Arts

Fletcher Benton: The Artist's
Studio and in Motion

The de Saisset Museum looks at the processes and products of sculptor Fletcher Benton
Fletcher Benton THE SHAPE OF THINGS: 'The Artist's Studio' exhibition explores the method behind Fletcher Benton's works.

Bay Area sculptor and longtime SJSU art professor (1967-'86) Fletcher Benton is primarily known for his abstract metal works. They look best fitted into landscapes with long sight lines—monuments designed to catch the eye of sculpture-garden strollers.

As shown in an exhibit at Santa Clara University's de Saisset Museum, Benton thinks big by starting small. "Fletcher Benton: The Artist's Studio" provides a glimpse of his working method, which begins with the deceptively simple act of tinkering.

With wall-size photographs, a re-creation of his cluttered workbench (complete with work gloves, tape measure and pliers) and samples of his maquettes, the exhibit details Benton's restless process of assembling simple shapes into complex constructions.

Miniature mock-ups for an outdoor installation in Cologne feature polished steel cones, cubes, rods, spheres and hoops welded together in exploratory iterations. There are no moving parts, but Benton's eye for exact equilibrium points gives the shiny objects a sense of impending action, as if they were Rube Goldberg machines just waiting for the on/off switch to be flipped. At times, they bristle with projecting tubes like the barrels of futuristic weaponry.

A study titled Spring It No. 121 cradles a cylinderlike part in a circular band of steel that ends in a tight coil; the implied potential energy of the coil threatens the exquisite poise of the piece—a good whack might set off destabilizing oscillations. Benton confines himself to a relatively small repertoire of basic building blocks, although he occasionally inserts a surprising chunk of literalism in the form of a tiny ladder.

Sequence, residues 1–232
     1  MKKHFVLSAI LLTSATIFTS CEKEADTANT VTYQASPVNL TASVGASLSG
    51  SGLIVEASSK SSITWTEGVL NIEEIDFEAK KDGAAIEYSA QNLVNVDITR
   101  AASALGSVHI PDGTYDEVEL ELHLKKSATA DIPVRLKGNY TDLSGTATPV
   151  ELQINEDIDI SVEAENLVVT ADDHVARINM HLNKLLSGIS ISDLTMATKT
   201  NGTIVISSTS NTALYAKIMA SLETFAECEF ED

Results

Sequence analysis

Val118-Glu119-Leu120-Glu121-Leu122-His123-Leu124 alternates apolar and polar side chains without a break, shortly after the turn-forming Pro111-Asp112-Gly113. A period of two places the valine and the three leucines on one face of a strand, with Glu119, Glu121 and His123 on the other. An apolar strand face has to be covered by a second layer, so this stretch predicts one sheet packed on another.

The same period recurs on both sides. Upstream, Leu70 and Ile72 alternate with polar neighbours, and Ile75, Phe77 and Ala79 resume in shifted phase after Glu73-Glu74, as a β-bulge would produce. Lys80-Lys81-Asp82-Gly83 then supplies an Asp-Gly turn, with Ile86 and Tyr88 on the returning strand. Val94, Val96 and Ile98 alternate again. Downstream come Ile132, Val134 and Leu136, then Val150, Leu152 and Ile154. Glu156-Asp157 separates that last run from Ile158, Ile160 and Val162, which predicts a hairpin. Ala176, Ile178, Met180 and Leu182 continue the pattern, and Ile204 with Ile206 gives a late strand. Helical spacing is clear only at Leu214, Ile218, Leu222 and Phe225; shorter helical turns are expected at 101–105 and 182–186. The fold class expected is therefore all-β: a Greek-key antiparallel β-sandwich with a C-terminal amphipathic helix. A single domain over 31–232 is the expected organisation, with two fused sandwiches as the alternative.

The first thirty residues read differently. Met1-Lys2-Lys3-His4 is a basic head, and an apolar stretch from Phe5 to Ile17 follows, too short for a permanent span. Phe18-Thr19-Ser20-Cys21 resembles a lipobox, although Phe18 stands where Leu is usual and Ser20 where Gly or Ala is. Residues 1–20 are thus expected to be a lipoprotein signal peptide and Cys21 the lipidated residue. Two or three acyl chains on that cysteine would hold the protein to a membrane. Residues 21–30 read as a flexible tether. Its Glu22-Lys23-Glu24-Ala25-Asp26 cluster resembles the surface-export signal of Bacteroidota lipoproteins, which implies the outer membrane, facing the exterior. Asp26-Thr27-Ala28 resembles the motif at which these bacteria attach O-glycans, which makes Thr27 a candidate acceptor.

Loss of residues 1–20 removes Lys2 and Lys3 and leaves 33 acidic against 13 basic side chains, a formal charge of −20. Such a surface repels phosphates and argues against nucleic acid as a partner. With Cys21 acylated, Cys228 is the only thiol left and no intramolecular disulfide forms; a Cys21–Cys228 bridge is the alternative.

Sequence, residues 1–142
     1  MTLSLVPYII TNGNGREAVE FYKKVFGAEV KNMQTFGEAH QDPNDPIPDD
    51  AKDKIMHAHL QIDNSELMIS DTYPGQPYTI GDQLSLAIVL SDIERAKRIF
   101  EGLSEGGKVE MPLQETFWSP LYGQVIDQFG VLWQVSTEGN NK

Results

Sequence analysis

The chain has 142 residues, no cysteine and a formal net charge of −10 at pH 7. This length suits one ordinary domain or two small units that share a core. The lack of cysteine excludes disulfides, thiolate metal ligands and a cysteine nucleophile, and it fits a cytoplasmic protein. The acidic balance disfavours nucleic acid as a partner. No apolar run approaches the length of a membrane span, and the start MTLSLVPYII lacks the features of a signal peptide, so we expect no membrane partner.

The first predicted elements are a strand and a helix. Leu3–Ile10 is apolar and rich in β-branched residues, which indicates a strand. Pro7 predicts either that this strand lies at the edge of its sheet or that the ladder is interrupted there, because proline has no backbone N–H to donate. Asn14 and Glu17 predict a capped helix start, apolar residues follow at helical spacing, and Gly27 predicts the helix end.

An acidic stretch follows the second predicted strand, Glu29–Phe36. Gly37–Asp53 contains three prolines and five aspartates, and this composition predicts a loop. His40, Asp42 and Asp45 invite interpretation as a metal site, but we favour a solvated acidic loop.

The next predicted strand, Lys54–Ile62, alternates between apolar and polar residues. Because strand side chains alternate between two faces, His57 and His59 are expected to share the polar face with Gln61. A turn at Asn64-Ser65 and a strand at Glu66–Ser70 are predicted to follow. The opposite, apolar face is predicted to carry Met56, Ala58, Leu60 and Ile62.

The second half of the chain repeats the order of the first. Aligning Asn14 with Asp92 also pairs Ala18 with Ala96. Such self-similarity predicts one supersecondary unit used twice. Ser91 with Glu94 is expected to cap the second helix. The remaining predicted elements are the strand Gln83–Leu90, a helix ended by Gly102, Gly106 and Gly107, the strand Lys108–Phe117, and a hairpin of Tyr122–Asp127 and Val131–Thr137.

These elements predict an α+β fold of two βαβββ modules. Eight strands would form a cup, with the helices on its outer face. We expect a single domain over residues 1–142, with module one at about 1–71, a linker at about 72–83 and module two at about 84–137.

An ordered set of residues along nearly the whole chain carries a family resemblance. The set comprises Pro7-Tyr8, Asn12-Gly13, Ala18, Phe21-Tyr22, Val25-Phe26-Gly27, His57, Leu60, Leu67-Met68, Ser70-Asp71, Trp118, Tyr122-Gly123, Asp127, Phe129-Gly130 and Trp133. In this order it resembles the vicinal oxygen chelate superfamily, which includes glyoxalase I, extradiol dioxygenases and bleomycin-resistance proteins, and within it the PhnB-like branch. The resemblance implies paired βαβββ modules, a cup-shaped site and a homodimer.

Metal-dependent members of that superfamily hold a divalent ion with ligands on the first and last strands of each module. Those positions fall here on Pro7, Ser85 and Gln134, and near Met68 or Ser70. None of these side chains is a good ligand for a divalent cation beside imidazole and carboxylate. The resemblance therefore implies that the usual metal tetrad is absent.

When the artist settles on a perfect arrangement, he scales it up to full size with the help of a blow-torch-wielding assistant. The final sculptures, as seen in photographs, are often painted in bright colors. The two large pieces in the lobby of the museum, however, are matte steel and copper-colored.

In Plane to Edge: Two Balls (1997) a huge rectangular slab perches on top of a bowling ball-size sphere in a balancing act that seems impossible; why doesn't it tip over? Unfortunately, the big works feel cramped; they need to breathe in the great outdoors.

The downstairs gallery delves deeper into Benton's oeuvre with "Fletcher Benton: In Motion," a heady selection of his kinetic sculptures from the 1960s and '70s. Motorized metal frames encase panels of translucent, colored Plexiglas. Slowly moving atop one another, the panels act as animated color wheels, changing hues in hypnotic fashion. Adding to the effect, the panels cast wispy colored shadows on the walls.

In Black Continuous Radius Triangle (1965), blue and yellow wedges rotate on overlapping discs, creating an endlessly morphing array of subtle tones. Rock & Roll (1964) doubles down on the idea. A disk with a metal frame rolls back and forth along a shallow, curved metal track. With a satisfying low-tech click, a small motor in the base imparts, just enough tilt to the track to maintain the motion. The steady if somewhat herky-jerky motion keeps the Plexiglas color wheels inside the disk rotating as well. It's better than a lava lamp for pure contemplation or zoning-out, which were pretty much the same thing in the '60s.

Cylinder With Red Circle (1965) looks like a machine to demonstrate some forgotten scientific phenomenon. A thick polished-metal cylinder mounted on a geared base turns slowly on its axis while an opaque red disk rotates ever so slowly on one end.

Running concurrently, the group show "Reduce, Reuse, Re-imagine" explores the possibilities of discarded materials in art as both aesthetic and social statement.

Two works stand out. For Invasion (2013), Cathy Suzuki cuts up clear and green plastic bottles into underwater shapes—jellyfish, squid and the like—and hangs them in a ceiling-to-floor mobile. The work not only uncannily evokes marine life but also highlights the so-called "plastic soup" of floating trash that represents an environmental threat to ocean creatures.

Sudhu Tewari's Green Apples (2007) comes straight from a scavenger/mad scientist's lab. A variety of springs protruding from an upside-down colander are free for the plucking. The resulting vibrations can be heard on speakers and seen on an old-school computer monitor, whose green screen displays various wave patterns in response to the twanging springs.

Tewari calls himself an "audio-gadgeteer," and the piece might be titled Frankenstein's Stumpf Fiddle—proof positive that recycling isn't just good for the conscience, it's sheer fun as well.

Fletcher Benton: The Artist's Studio and in Motion

Run through Dec. 6

Reduce, Re-Use, Re-Imagine

Run through Dec. 6 and Jan. 10-Feb. 2

Both at de Saisset Museum


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